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Athens News Agency: News in English (PM), 97-07-09

Athens News Agency: News in English Directory - Previous Article - Next Article

From: The Athens News Agency at <>


Athens, Greece, 09/07/1997 (ANA)


  • Reactions to Greek-Turkish agreement
  • Government spokesman's comment on accord with Turkey
  • Opposition parties' views
  • Greek think-tank calls for tighter economic policies
  • Greece backs Romania, Slovenia and Bulgaria for NATO accession
  • Fires still burning at several sites
  • Pharmacies to close in protest of revised drug price-list
  • Albanians escape from Halicarnassus prison
  • Weather
  • Foreign exchange


Reactions to Greek-Turkish agreement

Alternate Foreign Minister George Papandreou said today that the joint communique on Greek-Turkish relations was the result of persistent efforts lasting several months.

The communique was signed yesterday by Prime Minister Costas Simitis and Turkish President Suleiman Demirel on the sidelines of the NATO summit in Madrid.

Simitis described it as a document of principles which will govern relations between Greece and Turkey.

In statements to the private Greek TV channel "Star", Papandreou said that two of the three conditions set by Greece, namely the non-use of force and the recognition of international treaties, had been incorporated in the text of the communique.

The third condition, concerning the mechanisms for resolving problems, was currently the subject of examination by the committee of experts.

Greece and Turkey recently each set up a committee of experts to examine procedural approaches to resolving differences between Athens and Ankara.

Papandreou said the joint communique contributed to creating a different climate in relations between Greece and Turkey "without this meaning that specific problems have been resolved, such as that of the continental shelf or the Cyprus problem which poisons relations between the two countries".

Government spokesman's comment on accord with Turkey

Meanwhile, acting government spokesman Nikos Athanasakis described yesterday's communique as "a particularly positive development" which could "open up a new era in Greek-Turkish relations".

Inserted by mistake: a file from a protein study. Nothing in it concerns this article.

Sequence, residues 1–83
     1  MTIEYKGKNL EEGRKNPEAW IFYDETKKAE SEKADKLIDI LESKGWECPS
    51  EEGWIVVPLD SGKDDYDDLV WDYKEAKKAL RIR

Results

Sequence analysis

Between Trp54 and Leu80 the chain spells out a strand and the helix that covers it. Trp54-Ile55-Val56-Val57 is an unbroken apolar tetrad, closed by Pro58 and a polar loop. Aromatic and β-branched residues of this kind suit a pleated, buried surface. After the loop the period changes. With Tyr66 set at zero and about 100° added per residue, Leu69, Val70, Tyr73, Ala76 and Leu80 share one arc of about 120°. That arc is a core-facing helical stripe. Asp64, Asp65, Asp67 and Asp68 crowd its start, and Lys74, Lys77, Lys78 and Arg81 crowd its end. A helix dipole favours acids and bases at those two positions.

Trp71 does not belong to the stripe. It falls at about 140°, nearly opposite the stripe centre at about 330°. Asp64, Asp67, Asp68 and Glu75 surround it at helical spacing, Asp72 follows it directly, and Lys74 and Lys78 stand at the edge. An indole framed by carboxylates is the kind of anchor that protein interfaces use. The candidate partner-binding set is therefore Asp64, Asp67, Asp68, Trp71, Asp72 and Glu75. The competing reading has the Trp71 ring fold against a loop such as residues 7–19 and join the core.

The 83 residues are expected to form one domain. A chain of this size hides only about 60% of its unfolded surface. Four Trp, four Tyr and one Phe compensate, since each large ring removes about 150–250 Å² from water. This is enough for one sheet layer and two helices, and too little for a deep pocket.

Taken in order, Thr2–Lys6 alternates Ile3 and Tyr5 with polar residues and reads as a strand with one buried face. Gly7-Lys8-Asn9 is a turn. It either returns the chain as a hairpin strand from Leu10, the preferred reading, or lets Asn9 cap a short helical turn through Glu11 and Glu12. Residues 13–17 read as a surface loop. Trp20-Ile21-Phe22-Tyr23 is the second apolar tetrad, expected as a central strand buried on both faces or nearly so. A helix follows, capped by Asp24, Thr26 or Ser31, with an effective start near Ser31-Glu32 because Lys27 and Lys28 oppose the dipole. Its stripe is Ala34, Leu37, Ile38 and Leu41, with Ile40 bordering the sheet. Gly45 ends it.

The communique, he added, contained issues which Greece had continually raised "and which are now covenanted and jointly signed by Turkey at the highest level".

Athanasakis stressed that there had been no discussion of specific issues pertaining to Greek-Turkish relations, noting that Greece's position on these issues remained unchanged.

"This also includes Greece's position on the financial protocols (providing for EU funds to Turkey) within the framework of Ankara's customs union with the Community," Athanasakis said.

Replying to reporters' questions, the spokesman said the extension by Greece of its territorial waters to twelve miles was Athens' inalienable right emanating from international law.

He stressed also that Greece's position on the issue of the Imia islets remained unchanged.

Greece and Turkey nearly went to war in January last year after Ankara openly challenged Greek sovereignty of the uninhabited rocky islets.

As far as Greece is concerned, Athanasakis continued, the only specific issue referred to in the communique is the refraining from using force, "something which concerns Turkey".

He underlined also that the Madrid communique did not open any dialogue regarding the various separate issues comprising Greek-Turkish relations.

Athanasakis said Simitis had briefed President Kostis Stephanopoulos on the communique by telephone and would further inform him, if necessary, after returning from Spain.

Simitis will also brief the Cabinet which is scheduled to meet on Friday, as well as any political party leader so requesting, the spokesman said.

Replying to other questions, Athanasakis said Nicosia had welcomed the Simitis-Demirel communique, expressing the hope that it might have a positive effect on UN-sponsored direct talks between Cyprus President Glafcos Clerides and Turkish Cypriot leader Rauf Denktash, due to begin today in the United States.

The spokesman reiterated that the settlement of the Cyprus problem was the "key" for Greek-Turkish relations.

Opposition parties' views

The Communist Party of Greece (KKE) today expressed concern about the joint communique on Greek-Turkish relations, claiming that it was not aimed at resolving differences between Athens and Ankara but at extending US influence in the Aegean.

Although the text contains declarations about respect for international treaties and international law, the KKE said, there are also points which Ankara can interpret as it pleases.